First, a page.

Senate passes Anti-Bullying Bill

Today the State Senate unanimously passed An Act Relative to Bullying, bullying-prevention legislation that prohibits physical, verbal and written acts that threaten or cause harm to another student, including Internet “cyber-bullying”, and requires schools to develop a bullying prevention and intervention plan in consultation with teachers, school staff, professional support personnel, administrators, students and parents.

The anti-bullying legislation was largely based on a bill I originally filed last year, and it’s something I and my office have been working very hard on over the past few months. You can read the speech I delivered on the floor of the Senate today here.

The bill that passed today is comprehensive, prevention-oriented legislation that will work to end the persistent cycle of bullying we’ve seen in the Commonwealth’s schools for years, leading to tragedies like those in South Hadley, Springfield and too many other communities. Every student deserves to feel safe in their own schools, and this bill is a strong step in that direction.

The bill, which now moves on to the House, requires all school districts, charter schools and non-public schools to develop prevention and intervention plans by December 31, 2010 that include procedures for investigating bullying incidents, notifying parents and determining appropriate disciplinary actions.

The bill requires school principals to notify local law enforcement of bullying incidents if there is reason to believe criminal charges may be pursued. It also allows Individualized Education Programs for children with special needs to include provisions that will help them handle and respond to incidents of bullying. The bullying ban extends to all school facilities, school-sponsored functions, school buses and bus stops.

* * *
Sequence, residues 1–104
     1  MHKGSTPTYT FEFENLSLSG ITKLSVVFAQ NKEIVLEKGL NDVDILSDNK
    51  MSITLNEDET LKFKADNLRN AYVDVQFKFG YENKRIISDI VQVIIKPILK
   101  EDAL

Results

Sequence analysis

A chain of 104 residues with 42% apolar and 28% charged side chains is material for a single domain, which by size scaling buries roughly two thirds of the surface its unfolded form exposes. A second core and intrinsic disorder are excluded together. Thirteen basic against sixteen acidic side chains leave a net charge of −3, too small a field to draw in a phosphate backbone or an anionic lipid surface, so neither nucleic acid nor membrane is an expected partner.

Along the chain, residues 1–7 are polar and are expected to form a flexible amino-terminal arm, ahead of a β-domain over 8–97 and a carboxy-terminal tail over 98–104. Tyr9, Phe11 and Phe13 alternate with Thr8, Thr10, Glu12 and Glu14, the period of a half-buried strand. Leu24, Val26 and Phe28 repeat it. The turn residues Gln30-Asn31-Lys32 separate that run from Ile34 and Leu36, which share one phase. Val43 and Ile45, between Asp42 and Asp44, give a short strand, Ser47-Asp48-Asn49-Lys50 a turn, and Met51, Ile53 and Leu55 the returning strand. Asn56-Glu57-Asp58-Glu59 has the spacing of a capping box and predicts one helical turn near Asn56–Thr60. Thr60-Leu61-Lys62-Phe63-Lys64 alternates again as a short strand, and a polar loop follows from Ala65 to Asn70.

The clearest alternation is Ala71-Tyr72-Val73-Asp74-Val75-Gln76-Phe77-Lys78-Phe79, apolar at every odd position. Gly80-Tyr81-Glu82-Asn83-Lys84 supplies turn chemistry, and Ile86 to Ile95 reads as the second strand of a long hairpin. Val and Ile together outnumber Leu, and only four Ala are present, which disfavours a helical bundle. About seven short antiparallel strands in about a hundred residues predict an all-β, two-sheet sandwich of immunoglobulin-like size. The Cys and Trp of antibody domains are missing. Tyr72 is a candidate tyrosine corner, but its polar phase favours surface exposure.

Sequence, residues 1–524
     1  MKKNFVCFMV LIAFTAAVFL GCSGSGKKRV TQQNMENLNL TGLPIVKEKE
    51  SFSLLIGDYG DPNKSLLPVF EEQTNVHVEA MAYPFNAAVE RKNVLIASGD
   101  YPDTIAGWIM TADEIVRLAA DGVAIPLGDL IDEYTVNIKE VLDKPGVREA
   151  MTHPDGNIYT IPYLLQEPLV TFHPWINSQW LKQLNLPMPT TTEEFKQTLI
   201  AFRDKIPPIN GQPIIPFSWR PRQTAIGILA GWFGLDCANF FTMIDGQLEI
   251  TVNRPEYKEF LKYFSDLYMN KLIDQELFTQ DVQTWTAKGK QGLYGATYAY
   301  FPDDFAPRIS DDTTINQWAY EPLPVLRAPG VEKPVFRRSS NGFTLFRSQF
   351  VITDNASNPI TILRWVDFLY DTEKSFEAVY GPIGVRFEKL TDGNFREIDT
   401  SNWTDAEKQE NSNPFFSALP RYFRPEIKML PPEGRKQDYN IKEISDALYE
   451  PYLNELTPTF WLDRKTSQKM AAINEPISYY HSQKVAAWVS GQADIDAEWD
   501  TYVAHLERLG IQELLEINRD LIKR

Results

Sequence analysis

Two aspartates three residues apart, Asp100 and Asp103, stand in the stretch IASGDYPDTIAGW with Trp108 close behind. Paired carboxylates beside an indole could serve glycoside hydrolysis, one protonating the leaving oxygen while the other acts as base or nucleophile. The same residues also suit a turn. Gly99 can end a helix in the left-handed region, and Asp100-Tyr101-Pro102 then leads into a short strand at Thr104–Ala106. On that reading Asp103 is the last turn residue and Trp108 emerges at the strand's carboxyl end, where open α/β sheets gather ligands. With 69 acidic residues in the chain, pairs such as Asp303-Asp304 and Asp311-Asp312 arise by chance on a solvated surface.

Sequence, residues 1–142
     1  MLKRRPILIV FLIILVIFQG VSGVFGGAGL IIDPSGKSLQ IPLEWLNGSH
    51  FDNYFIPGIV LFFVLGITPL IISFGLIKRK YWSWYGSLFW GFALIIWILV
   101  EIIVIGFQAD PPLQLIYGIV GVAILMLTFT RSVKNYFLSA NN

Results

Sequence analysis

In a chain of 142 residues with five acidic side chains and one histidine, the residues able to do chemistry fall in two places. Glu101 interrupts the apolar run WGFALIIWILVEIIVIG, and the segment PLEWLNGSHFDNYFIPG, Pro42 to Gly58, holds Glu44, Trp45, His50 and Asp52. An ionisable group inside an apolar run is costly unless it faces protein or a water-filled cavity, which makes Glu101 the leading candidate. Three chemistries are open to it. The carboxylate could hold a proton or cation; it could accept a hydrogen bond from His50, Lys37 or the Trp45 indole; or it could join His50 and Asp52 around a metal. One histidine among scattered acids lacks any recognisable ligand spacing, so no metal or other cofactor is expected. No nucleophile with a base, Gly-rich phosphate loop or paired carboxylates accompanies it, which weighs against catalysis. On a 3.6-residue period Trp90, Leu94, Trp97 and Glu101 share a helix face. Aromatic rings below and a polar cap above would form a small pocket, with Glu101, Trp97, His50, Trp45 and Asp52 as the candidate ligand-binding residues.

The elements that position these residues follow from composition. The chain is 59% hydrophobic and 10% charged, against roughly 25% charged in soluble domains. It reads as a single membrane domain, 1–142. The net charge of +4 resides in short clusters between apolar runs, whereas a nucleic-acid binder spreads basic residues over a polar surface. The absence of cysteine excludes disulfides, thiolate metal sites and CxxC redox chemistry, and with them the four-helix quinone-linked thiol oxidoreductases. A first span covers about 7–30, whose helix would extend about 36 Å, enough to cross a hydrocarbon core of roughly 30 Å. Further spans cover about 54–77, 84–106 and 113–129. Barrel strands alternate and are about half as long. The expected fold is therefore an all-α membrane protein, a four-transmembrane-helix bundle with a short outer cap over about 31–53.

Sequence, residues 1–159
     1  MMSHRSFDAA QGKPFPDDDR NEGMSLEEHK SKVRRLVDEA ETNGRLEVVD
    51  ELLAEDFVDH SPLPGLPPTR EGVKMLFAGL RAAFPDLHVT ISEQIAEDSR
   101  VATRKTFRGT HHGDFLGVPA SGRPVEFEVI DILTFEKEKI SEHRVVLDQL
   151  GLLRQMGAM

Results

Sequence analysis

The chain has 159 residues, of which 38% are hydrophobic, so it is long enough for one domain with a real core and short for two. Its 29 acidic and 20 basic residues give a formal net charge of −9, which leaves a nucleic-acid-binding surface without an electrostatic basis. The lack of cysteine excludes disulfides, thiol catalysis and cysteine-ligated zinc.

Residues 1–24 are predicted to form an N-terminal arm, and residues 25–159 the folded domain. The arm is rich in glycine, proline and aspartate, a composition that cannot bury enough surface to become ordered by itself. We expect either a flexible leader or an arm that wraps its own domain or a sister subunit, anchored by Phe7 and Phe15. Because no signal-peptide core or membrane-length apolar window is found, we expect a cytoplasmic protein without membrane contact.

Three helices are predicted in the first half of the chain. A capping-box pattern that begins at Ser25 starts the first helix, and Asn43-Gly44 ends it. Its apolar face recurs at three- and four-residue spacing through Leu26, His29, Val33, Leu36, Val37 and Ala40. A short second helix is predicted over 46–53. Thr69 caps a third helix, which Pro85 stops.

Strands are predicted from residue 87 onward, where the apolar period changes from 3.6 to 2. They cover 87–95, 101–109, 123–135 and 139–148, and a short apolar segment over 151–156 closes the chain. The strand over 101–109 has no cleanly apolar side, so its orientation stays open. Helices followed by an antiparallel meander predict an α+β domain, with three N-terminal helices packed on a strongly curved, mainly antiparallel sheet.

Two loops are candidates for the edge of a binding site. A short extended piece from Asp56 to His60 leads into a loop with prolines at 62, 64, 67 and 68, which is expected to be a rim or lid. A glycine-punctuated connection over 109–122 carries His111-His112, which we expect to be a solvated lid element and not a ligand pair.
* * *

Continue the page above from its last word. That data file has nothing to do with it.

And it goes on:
The bill that passed also included two amendments that I worked on with MassEquality, a statewide LGBT advocacy group that supported this bill. These amendments will ensure that bullying prevention training programs include research on populations of students most likely to be bullied, and that the Department of Elementary and Secondary Education periodically reviews school districts to be sure they are properly implementing programs and trainings.

There is nothing I or the legislature could do that could begin to mitigate the tragedy bullying has brought to families across the Commonwealth. However, we can work together to pass this crucial legislation as soon as possible. And, in so doing, prevent more of our friends, neighbors and loved ones from ever knowing that same sadness.

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